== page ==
Ibanez produces acoustic and electric guitars, as well as other products such as basses and electronic equipment. If you are the owner of an Ibanez guitar, you'll want to keep it in excellent playing condition by changing your strings every few months. Sometimes, you may need to change them more often, as frequent playing dulls the tone.
Things You'll Need:
- Guitar Strings
- String Winder
- Needle-Nose Pliers
- Ibanez Guitar
Turn the tuning key that corresponds with the high E string in a counterclockwise direction until you can pull the string out of the hole on the key. Using a string winder can make this job much easier and quicker.
Pull the high E string out of your Ibanez electric by grasping it just behind the bridge and pulling the string through the hole on the bridge. Most Ibanez acoustic guitars have pegs that hold the strings in place at the bridge. In this case, you must pry the peg loose and remove it in order to pull the string out.
Guide the new high E string through the hole in the bridge and up toward the head of the guitar. If you have an acoustic with pegs, place the ball end of the string in the hole and push the peg in the hole on top of it. Hold the peg down as you pull the slack out of the string and lead it toward the head.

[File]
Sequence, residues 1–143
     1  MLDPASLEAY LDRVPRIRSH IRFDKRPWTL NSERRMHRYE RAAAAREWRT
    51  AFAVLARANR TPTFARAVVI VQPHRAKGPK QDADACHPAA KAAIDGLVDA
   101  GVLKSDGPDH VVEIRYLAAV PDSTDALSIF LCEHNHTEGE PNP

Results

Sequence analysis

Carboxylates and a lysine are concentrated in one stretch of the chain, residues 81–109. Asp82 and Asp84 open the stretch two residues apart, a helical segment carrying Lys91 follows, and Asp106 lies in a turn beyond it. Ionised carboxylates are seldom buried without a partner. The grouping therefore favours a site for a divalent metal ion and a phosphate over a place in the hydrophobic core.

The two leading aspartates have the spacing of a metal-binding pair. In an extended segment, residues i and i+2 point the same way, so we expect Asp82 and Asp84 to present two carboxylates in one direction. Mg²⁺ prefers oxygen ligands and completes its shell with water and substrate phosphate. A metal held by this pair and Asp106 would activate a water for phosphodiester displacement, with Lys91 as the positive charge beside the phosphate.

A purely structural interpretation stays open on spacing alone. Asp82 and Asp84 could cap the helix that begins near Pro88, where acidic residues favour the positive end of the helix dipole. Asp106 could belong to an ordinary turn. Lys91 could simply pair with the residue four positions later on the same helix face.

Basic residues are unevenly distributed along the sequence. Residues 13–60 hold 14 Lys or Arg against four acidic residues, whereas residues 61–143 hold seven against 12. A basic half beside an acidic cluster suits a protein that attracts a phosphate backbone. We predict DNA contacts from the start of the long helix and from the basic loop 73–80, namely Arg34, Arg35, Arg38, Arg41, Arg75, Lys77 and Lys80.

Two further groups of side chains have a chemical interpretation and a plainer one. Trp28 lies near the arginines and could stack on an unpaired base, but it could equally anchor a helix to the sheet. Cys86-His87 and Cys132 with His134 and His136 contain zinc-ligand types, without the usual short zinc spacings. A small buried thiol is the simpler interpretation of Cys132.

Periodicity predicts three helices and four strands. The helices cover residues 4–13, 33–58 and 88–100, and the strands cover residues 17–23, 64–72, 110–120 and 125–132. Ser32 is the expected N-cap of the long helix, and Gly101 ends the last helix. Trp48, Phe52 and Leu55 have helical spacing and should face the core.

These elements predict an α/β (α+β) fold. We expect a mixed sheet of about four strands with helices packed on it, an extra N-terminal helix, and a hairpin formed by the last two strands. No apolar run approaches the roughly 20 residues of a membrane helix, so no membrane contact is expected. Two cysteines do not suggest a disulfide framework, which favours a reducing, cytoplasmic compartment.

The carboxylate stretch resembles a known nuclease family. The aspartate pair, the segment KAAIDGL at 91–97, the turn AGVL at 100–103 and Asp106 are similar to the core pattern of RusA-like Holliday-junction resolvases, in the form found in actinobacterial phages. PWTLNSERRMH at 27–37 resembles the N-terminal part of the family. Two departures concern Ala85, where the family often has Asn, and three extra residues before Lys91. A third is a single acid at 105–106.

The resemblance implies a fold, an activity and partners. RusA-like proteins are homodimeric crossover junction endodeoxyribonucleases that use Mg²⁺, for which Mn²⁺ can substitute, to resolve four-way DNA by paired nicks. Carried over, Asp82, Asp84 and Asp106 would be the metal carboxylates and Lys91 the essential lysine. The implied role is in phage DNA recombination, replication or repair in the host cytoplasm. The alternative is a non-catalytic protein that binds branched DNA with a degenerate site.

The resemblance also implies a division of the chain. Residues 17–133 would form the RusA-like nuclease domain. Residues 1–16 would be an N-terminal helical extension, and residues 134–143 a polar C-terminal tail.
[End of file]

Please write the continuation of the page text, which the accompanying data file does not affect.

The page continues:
Thread the high E string through the hole in the high E tuning peg, being sure to leave about two inches out beyond the hole.
Hold the string firmly in one hand between the tuning peg and the neck of the guitar as you turn the tuning key in a clockwise direction. This will help to keep the string from slipping as you wind it.
Wind the string until it is taut. Again, the string winder is an enormously helpful tool for this.
Pluck the string to see if it is close to its intended pitch. Make adjustments by turning the tuning key to tighten or loosen the string until it is in tune.
Perform this process for the B, G, D, A, and low E strings as well.
It's better to remove one old string at a time and replace it before you remove the next old string. Removing all the old strings at once can cause the guitar's neck to move slightly out of line because of the lack of tension.
Charlotte Johnson is a musician, teacher and writer with a master's degree in education. She has contributed to a variety of websites, specializing in health, education, the arts, home and garden, animals and parenting.